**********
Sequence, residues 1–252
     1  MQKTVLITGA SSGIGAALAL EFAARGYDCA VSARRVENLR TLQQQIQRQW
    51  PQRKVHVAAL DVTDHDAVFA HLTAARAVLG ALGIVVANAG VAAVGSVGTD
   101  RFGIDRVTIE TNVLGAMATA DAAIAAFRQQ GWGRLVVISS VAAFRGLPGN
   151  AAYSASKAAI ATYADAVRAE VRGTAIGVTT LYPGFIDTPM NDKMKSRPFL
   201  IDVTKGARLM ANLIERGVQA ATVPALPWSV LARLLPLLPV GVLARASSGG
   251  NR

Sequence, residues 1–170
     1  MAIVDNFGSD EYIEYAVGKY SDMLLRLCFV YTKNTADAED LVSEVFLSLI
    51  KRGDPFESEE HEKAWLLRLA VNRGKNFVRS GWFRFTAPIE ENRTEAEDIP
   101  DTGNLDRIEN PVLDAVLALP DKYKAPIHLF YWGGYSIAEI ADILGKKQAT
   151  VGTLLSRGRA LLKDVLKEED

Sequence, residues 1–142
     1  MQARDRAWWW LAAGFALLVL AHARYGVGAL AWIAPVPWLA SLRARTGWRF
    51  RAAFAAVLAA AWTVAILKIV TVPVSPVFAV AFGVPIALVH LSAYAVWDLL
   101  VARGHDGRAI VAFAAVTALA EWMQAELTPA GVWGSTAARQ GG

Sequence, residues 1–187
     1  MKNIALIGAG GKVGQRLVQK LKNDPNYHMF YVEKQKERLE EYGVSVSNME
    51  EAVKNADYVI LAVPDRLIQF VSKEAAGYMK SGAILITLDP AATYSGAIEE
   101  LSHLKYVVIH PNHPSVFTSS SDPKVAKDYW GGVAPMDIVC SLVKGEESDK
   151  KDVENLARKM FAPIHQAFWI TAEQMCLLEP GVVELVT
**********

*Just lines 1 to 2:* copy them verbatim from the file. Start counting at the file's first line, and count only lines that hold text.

Sequence, residues 1–252
     1  MQKTVLITGA SSGIGAALAL EFAARGYDCA VSARRVENLR TLQQQIQRQW